* my involvement in NewSSC extends my exploration of  "heterogeneous construction"-making knowledge by doing in the sense that a variety of resources are mobilized by diverse agents spanning different realms of social action (Unruly Complexity, Chicago 2005).

"I feel I now know 13 other people I can go to for advice, encouragement, teaching help, ideas, collaboration, anything," one participant in the 2008 workshop wrote in her evaluation. Another emailed afterwards that: "Many of the strategies . . . employed to bring our little company together so deeply, so quickly, could well be applied in the classroom to build a community of trust and support from its earliest days."

Link to project:

Browse 2017 Projects

Alac: STS Olfactorium

Battles: The Trial Balloon: buoyancy, embodied media, and patchy planetarity

Callahan: Rethinking Citizen Science through doing Citizen Science

Cardoso Llach: Tracing Design Ecologies

Clement: Snowden Surveillance Archive

Cohen: Toward Improving Public Policy for Struct Engrg Design of Bridge, Transport & Marine Infrastructure

Durnova: Politicizing the scientific self through media interventions

Erickson-Davis: What it is to see: a simulation of artificial vision

Gluzman: Feminist Theory Theater

Gomez-Marquez: Construction Sets for DIY Medical Technologies and their Black Box Counterparts

Hidalgo: Collaborative Research Toolkit: a copyleft resource for the co-design of research processes

Hoagland: Getting a Sense of the Place: Navigating FemTechNet’s Critical Race and Ethnic Studies Workbook

Houston: Collaborative urban sensing with the “Dustbox” air quality monitor

Howell: Emotional Interpretation & Materiality of Biosensing

Johnson: Engineering Comes Home: Co-designing local infrastructure with residents of a London housing estate

Kennedy: Doing STS at the science/policy intersection

Knopes: Integrating STS into Bioethics and Medical Humanities Programs

Lachney: Generative STEM: Circulating Unalienated Value in Education, Labor and Environment

Lawson: (T)racing Eyes and Hearts:  An Installation to Explore the Physiology of Empathy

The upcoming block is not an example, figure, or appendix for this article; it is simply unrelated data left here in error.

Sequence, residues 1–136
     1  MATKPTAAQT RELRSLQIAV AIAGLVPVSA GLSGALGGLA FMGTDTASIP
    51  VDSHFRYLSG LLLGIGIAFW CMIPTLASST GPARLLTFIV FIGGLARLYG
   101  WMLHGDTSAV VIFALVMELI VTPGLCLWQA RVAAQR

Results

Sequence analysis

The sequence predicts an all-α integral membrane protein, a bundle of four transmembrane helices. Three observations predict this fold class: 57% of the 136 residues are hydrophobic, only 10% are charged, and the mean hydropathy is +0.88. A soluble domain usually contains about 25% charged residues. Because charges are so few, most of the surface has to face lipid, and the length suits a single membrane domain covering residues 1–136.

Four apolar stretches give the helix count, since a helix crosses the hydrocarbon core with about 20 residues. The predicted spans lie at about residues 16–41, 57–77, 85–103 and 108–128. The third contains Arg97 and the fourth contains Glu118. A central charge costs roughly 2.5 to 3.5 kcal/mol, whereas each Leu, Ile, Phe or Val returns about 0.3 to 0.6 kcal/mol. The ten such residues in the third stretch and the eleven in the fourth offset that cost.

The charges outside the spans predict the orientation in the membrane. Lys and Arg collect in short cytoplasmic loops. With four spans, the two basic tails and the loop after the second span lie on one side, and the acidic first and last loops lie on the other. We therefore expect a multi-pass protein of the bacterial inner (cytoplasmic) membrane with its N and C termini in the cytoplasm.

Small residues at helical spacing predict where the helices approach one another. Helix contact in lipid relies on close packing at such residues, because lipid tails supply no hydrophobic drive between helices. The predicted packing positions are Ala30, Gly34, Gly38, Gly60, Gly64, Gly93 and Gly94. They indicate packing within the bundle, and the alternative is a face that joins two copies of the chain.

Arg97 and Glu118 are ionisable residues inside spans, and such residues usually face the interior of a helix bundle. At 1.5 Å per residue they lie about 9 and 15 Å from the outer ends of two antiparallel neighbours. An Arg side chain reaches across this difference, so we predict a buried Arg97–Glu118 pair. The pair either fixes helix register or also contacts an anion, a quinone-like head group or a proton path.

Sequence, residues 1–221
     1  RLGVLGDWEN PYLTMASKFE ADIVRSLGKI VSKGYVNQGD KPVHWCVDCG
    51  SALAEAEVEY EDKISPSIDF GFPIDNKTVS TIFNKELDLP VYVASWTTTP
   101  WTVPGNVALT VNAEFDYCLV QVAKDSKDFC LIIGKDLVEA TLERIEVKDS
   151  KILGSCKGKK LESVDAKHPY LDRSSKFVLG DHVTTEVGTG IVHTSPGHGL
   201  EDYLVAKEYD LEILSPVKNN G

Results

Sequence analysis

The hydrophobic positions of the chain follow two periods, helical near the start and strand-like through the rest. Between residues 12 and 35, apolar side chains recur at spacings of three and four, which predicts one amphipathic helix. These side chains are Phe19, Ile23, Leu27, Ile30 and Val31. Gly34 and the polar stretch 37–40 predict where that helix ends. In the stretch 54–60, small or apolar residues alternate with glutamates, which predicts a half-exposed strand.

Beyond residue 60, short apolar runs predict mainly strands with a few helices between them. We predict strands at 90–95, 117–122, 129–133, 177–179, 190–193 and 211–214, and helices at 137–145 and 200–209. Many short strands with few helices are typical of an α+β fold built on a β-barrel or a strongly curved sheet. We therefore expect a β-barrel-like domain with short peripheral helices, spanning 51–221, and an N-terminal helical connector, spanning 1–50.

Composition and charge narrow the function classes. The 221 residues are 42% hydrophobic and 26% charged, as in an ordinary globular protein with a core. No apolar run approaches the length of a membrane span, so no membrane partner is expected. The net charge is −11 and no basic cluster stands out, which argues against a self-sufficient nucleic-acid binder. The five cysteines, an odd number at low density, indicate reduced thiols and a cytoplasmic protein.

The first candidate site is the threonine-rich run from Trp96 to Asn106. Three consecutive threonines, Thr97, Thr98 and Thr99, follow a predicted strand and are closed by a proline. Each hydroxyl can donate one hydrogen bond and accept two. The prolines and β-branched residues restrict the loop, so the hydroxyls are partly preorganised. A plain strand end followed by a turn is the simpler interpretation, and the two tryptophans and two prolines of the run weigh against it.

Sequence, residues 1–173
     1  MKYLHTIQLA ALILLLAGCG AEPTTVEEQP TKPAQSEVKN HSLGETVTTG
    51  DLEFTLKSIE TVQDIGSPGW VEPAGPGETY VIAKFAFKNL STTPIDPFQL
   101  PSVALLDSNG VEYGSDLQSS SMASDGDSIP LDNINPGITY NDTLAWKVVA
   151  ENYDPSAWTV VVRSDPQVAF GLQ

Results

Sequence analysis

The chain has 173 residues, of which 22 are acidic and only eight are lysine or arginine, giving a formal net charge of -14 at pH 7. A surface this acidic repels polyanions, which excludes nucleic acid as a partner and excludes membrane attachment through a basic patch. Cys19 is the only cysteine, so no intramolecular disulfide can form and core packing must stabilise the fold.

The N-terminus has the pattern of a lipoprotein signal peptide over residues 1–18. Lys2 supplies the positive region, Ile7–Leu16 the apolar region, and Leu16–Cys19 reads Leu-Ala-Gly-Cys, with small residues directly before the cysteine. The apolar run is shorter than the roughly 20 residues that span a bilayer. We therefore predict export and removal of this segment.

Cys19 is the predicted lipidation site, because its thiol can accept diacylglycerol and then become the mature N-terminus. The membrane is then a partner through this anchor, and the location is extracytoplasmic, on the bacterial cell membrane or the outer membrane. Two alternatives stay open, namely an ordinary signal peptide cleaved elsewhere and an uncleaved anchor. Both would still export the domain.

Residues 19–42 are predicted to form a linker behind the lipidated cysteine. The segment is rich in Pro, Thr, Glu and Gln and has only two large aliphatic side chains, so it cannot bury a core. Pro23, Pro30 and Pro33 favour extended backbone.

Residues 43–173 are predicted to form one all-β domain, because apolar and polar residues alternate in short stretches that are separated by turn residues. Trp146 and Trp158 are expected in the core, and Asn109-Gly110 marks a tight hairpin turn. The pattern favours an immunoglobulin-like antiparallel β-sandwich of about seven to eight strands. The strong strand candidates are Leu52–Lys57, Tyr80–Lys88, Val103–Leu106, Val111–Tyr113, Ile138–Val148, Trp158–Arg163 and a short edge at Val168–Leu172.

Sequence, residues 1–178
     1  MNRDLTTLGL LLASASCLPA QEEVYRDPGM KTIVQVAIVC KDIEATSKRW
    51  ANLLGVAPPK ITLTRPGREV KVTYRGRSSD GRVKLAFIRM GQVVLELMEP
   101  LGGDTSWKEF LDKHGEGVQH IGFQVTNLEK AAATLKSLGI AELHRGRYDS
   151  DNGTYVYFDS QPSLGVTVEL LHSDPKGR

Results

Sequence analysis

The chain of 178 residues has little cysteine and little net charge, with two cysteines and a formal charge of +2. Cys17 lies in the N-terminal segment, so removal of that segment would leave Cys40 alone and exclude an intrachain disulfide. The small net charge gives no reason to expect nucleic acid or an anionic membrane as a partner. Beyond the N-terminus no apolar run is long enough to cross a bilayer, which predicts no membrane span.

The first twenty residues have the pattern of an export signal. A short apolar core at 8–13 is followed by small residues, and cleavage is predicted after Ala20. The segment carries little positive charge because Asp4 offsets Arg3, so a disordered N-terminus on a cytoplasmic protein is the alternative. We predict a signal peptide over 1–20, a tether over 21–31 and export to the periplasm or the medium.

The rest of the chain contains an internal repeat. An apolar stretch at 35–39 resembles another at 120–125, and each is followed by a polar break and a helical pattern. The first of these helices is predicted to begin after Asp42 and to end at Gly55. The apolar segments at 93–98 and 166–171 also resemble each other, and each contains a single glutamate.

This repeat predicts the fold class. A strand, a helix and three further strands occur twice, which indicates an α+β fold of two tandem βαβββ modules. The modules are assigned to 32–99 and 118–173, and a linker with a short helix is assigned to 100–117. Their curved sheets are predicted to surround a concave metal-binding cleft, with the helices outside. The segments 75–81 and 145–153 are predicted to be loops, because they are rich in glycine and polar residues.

Lehr: Undergraduate STSers Learn by Doing in the Trump Era

Lippman: Making Sensible in 360°

Michails: AirTRACS: Community-based Air Quality Monitoring

Mogul: A STS STEM Education Incubator: The Co-Making of Inquiry

Mohsin: QEERI’s Science Majlis

Murphy: Environmental Data and Governance Initiative: Engaged STS Responding to the U.S.Administration

Nafus: Data Sense

Navarro: Our Driverless Futures: Speculating Moral Dilemmas of Self-Driving Cars

Nieusma: STS Design and Innovation: Disciplinary Discomfiture

Onaga: Biomaterial Matters: Fitting Humans into Cocoons, A Speculative Prototype

Ostman: STS approaches to public engagement with science: Synthetic biology

Ostrowski: The Empirical Printing Program

Perez Comisso: Technological theory for all: Teaching experiments on STS in Chile

Rosado Murillo: Pedal Transcriba, an Ethnographic Device of (and for) Qualitative Research

Shapiro: Detoxifying the environment across temporalities

Steensen: Face-off! Platform versus Self: A photobooth experiment

Stern: Zika and Feminist STS: Building a Network, Doing Collective Scholarship

Taylor: Connecting-Probing-Reflecting Spaces: The New England Workshop on Science and Social Change (NewSSC)

Terrell: The making of an undergraduate Sociotechnical Ethics Society

Wentworth: Handholds: making sense of bodies through slaughter

Wong: Design Workbook Variations: Exploring Biosensing Privacy Futures

Wylie: Making and Doing STS with Undergraduate Engineers: The UVA Approach